Big names such as Eminem, Justin Bieber (who spent over a million dollars on his Ape), Steph Curry and Serena Williams are all owners of their own disinterested primates. A quick look at Etherscan shows that these mega-celebrities have held onto their NFTs, meaning they may have participated in the ApeCoin airdrop and can play a part in the project's progression.

Venture capitalists were quick to pounce on the launch, with 14% of coins (140 million APE) dedicated to firms including Andreessen Horowitz and Animoca Brands, creator of The Sandbox.

It's also worth noting that the ApeCoin DAO's board is a who's who? of fintech, featuring Alexis Ohanian (founder of Reddit), Amy Wu (head of FTX gaming) and Yat Siu (chairman of Animoca Brands). This group will be charged with carrying out the day-to-day operations and decisions from BAYC's community.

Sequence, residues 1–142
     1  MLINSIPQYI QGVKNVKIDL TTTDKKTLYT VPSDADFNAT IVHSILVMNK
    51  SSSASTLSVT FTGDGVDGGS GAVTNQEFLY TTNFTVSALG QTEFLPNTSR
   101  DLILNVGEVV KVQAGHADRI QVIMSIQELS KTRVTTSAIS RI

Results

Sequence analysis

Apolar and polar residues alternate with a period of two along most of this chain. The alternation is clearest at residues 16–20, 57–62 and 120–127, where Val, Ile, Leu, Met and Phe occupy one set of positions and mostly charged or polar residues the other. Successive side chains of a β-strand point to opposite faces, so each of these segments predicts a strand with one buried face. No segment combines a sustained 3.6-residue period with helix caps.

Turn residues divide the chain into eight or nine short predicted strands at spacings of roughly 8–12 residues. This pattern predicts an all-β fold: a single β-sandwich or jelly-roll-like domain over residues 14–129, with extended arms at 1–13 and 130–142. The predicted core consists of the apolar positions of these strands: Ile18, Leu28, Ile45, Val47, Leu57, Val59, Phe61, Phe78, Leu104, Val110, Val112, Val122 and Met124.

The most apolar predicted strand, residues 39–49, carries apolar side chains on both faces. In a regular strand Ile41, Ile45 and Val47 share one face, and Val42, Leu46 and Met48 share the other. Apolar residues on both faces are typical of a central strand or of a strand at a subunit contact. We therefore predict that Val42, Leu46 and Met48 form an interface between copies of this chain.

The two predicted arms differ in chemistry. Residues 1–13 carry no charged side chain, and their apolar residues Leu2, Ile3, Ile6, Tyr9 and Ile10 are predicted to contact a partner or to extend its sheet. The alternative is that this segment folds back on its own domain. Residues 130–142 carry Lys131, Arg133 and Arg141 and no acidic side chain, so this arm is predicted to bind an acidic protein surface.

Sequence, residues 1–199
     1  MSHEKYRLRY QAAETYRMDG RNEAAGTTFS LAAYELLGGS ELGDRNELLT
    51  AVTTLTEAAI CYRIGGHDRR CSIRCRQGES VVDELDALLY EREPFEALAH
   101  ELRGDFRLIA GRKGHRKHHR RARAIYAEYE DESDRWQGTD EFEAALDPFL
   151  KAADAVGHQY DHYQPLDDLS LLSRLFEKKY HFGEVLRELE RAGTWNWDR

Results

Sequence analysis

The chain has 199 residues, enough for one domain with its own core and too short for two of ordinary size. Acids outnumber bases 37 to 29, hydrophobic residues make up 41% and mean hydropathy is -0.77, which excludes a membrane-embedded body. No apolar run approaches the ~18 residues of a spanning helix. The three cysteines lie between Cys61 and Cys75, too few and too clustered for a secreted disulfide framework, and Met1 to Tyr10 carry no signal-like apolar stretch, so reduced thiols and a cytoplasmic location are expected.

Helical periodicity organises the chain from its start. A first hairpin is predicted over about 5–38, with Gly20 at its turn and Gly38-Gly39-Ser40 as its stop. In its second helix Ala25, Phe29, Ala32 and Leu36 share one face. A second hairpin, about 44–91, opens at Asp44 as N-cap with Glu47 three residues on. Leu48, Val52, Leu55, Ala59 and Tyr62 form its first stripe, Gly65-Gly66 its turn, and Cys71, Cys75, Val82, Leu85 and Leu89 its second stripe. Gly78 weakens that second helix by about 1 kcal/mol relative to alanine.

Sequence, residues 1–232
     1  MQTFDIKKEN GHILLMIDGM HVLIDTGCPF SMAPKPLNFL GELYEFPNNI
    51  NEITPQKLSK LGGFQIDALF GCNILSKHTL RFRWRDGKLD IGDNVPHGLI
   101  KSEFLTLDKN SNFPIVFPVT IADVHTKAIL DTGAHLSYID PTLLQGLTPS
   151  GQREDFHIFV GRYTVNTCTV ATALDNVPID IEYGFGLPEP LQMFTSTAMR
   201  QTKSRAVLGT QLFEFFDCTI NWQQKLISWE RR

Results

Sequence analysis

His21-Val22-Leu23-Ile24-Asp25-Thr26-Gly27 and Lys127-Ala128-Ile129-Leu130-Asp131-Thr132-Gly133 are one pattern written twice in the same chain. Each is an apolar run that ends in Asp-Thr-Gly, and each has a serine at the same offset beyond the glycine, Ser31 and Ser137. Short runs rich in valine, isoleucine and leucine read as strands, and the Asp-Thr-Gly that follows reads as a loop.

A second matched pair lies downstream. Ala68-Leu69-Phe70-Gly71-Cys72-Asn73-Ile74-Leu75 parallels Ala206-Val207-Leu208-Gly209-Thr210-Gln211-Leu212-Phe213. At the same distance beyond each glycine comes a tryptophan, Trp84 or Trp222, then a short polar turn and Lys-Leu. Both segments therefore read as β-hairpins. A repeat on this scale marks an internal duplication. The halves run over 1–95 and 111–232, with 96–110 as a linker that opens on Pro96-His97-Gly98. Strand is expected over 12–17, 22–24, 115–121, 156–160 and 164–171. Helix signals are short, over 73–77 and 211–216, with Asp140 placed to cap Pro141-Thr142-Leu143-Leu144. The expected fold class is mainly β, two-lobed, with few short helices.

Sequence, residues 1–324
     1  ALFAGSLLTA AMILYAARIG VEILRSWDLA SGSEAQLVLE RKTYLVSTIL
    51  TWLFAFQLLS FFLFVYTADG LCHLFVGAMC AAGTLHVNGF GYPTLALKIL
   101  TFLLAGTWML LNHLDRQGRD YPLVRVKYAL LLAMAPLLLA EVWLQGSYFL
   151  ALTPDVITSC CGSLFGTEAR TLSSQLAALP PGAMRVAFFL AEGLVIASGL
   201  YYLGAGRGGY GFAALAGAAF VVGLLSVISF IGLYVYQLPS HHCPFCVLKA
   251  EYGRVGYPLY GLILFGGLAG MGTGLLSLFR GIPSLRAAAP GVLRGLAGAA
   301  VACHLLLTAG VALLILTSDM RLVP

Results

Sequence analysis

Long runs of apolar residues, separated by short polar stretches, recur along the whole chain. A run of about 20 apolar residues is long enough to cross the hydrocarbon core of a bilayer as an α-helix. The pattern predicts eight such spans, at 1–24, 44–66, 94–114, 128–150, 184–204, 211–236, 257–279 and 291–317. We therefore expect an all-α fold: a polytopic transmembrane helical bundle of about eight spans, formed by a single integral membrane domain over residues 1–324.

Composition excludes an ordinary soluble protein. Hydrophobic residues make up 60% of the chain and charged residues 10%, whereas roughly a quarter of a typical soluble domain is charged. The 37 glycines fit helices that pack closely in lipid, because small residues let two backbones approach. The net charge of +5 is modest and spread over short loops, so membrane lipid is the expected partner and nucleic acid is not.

The controversy

Anything related to Bored Apes is never far from the spotlight, but it isn't always positive. The ApeCoin airdrop has been met with some scepticism and the launch wasn't all smooth sailing.

For starters, a big element of the pre-release media storm focussed on a very targeted message – the ApeCoin drop is not being conducted by Yuga Labs (creator of Bored Apes), but the ApeCoin DAO, and intends to help the community grow as a whole. The PR firm behind the release made sure to note that.

"It's probably tempting to write that ApeCoin is from the Bored Ape Yacht Club to simplify things, but it's not accurate."

However, Yuga Labs is still receiving 140 million APE and another 80 million are being distributed to Yuga Labs' founders.